Williamsburg, VA: County Board of Supervisors Agree to Withdraw Affiliation With ICLEI - International Sustainability Group


By Desiree Parker
Williamsburg Yorktown Daily

August 10, 2011

Virginia - The Republican majority on the James City County Board of Supervisors decided Tuesday to end the county’s membership with an international sustainability program that has become a divisive issue over recent months.

Board Chairman Mary Jones first requested that the county withdraw from ICLEI: Local Governments for Sustainability in June. Board member Jim Kennedy requested in the interim that the Board look at all the various groups the county has membership with instead of singling out one for review. At their Tuesday afternoon work session, staff prepared a list of all 124 organizations to which the county has membership, as well as details on a number of these groups.

The board chose only to discuss one membership organization – ICLEI. Both Democratic supervisors supported keeping the county’s membership with the group, while Republicans Jones and Bruce Goodson opted not to renew the membership. Kennedy was clearly wrestling with the decision, but finally agreed after much tense board discussion to let the membership lapse.

Jones reiterated to the board that she had read letters in local media and had heard from citizens concerned about ICLEI’s affiliation with the UN’s Agenda 21, an action plan to reduce human impact on the environment.

She argued that the county can be a good steward of the environment without affiliation with the group.

County Administrator Robert Middaugh said staff had chosen to become members in 2009 when the county was ready to engage in a study of local greenhouse gas emissions in an effort to reduce the county’s carbon footprint.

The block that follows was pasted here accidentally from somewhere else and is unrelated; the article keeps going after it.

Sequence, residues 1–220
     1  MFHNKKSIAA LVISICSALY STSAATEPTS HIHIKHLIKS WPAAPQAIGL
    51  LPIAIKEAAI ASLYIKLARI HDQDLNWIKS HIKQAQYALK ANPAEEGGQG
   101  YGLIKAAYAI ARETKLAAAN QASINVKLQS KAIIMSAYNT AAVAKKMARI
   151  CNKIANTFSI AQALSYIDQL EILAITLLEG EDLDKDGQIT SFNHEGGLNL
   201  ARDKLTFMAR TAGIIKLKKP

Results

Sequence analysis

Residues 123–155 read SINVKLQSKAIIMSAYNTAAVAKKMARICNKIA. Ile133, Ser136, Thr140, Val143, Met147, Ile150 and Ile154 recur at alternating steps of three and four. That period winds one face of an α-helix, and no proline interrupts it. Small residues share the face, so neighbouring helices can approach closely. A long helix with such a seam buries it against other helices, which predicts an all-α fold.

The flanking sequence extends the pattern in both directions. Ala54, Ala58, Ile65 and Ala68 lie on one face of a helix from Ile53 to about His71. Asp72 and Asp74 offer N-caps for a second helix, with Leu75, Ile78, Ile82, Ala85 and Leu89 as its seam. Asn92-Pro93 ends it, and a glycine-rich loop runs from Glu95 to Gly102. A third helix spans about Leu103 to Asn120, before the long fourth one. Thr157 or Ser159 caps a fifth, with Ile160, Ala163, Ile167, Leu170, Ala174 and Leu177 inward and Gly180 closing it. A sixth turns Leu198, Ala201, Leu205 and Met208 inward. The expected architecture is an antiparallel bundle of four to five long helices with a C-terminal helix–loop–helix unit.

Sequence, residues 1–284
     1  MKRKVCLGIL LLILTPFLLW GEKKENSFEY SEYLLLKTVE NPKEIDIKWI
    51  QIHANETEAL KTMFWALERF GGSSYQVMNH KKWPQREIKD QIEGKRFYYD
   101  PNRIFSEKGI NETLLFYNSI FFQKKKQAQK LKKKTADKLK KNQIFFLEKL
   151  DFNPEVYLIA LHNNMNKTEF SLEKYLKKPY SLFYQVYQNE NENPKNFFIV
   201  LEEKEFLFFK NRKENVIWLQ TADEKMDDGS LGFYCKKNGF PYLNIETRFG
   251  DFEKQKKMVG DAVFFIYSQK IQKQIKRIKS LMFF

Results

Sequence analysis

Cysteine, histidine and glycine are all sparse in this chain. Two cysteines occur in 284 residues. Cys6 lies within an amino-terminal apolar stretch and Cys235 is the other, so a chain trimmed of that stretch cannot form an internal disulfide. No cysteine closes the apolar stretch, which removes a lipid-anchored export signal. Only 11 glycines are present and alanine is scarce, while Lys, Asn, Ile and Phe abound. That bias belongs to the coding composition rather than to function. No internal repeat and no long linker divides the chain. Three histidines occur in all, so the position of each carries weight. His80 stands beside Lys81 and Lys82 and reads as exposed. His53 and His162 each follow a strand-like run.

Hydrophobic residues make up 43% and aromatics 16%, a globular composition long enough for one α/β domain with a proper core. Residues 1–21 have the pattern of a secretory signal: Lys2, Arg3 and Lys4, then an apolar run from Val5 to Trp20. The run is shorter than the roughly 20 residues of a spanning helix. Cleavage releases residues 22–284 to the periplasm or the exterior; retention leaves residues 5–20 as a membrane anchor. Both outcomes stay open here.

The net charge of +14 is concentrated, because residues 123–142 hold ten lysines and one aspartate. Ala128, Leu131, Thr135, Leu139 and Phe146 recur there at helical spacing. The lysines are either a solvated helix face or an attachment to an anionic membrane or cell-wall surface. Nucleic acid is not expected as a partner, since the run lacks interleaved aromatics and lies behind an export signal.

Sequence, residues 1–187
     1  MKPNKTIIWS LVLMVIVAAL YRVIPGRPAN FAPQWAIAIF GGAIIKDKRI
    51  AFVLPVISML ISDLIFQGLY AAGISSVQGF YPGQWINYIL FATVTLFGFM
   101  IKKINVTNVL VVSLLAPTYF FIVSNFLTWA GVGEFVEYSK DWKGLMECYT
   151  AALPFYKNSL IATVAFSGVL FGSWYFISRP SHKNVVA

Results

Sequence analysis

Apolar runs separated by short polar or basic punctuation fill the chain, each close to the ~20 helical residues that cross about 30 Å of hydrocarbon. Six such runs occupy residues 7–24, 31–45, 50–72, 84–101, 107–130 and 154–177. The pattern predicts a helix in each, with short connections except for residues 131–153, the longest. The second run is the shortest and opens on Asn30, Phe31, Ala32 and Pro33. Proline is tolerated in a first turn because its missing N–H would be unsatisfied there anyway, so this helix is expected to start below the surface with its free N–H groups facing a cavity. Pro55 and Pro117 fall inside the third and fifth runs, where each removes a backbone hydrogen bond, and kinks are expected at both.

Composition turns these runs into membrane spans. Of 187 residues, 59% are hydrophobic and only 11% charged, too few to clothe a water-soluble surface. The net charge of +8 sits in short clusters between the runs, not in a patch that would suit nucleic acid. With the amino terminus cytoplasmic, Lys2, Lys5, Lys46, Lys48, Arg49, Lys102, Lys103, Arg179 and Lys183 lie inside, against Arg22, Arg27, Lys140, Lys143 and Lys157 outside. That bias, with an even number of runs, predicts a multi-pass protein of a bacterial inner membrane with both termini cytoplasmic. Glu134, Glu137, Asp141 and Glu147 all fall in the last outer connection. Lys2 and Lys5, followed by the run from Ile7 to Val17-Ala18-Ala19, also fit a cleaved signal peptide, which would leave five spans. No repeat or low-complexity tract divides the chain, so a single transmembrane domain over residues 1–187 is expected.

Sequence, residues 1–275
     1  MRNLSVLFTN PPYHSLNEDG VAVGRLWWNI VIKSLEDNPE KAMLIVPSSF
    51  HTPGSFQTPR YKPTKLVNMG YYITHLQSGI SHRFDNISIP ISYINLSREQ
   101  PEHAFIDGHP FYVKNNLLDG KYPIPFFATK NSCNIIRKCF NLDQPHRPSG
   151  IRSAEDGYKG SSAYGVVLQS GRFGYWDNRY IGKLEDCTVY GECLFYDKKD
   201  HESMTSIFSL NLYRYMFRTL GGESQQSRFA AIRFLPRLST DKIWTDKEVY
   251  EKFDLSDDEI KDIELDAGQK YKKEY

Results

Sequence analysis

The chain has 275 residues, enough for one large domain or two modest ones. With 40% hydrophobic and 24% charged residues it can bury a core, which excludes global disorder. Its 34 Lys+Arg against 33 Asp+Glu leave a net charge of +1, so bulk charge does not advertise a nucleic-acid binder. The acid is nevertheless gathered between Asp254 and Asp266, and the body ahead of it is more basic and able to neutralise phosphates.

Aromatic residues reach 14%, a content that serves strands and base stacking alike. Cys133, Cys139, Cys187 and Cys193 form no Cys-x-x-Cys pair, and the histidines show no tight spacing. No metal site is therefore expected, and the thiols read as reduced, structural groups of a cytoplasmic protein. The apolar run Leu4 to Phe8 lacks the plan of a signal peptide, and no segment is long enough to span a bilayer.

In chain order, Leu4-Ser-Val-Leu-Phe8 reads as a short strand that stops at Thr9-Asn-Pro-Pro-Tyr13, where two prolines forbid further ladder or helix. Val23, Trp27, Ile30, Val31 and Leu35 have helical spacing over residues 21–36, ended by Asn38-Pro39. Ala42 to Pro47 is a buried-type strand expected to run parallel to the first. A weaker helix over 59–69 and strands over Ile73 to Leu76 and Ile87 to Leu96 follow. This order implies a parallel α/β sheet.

Faced with spending about $25,000 to hire a consultant to do the work or to pay the $1,200 annual membership fee to ICLEI to have the software and tools needed to complete the study, the county chose the latter, Middaugh explained.

While the county has continued to make use of ICLEI tools, Middaugh said the membership has “turned into a divisive issue in the county… more, the organization itself seems to be a lightning rod,” and that his recommendation was that this “is not a fight you want to fight.”

Goodson said he agreed with staff’s assessment that it was too divisive an issue.

McGlennon said if the determining criteria for maintaining membership was whether it benefitted the county, then he felt ICLEI met that standard. It saved the county money and provided “a policy benefit to us,” he said.

“It has proven to be worthwhile. It is not a UN agency, it is not driven by Agenda 21… and not an active political participant, able to direct us… they haven’t ordered us to do anything… or given advice that has negatively impacted the county.”

Jones read information from the ICLEI website that referenced Agenda 21 and the UN.

One page of the website describing the organization’s goals says its “approach links local action and solutions to the global challenges we are facing, and therefore also links local action to global goals and targets,” and lists Agenda 21 and other UN agreements along with several other goals and targets.

The Tea Party has been warning of the alleged dangers of ICLEI and Agenda 21; read more about this in a previous story.

McGlennon argued that the citizens who have spoken with the board in favor of canceling ICLEI membership have tied the issue to regulation of private property and the loss of freedom, which isn’t something ICLEI can do. “I don’t see circumstances that will take away our personal liberty,” he said.

Jones argued most people she had heard from wanted the county to cancel its membership.

McGlennon responded that the board always listens to citizens’ concerns. “If we find complaints are valid, we act on them. If not, we don’t.”

After considerable heated discussion among the board, the group turned to Kennedy for the deciding vote. “It pains me… I’m making a decision I feel I’m forced to make,” he said. This “is one of the most divisive issues that has ever been brought before the board” in the years that he has served on it, Kennedy said.

“I haven’t seen a lot of conclusive evidence,” Kennedy continued, though he didn’t say which side had failed to make its case in his estimation.

After criticizing the board for being continually divisive, he agreed to support ending the county’s membership with ICLEI.

“We’ll see what happens in November,” he said, referring to the upcoming election in which all three Republican seats are up for reelection.

The county’s membership will expire on December 31.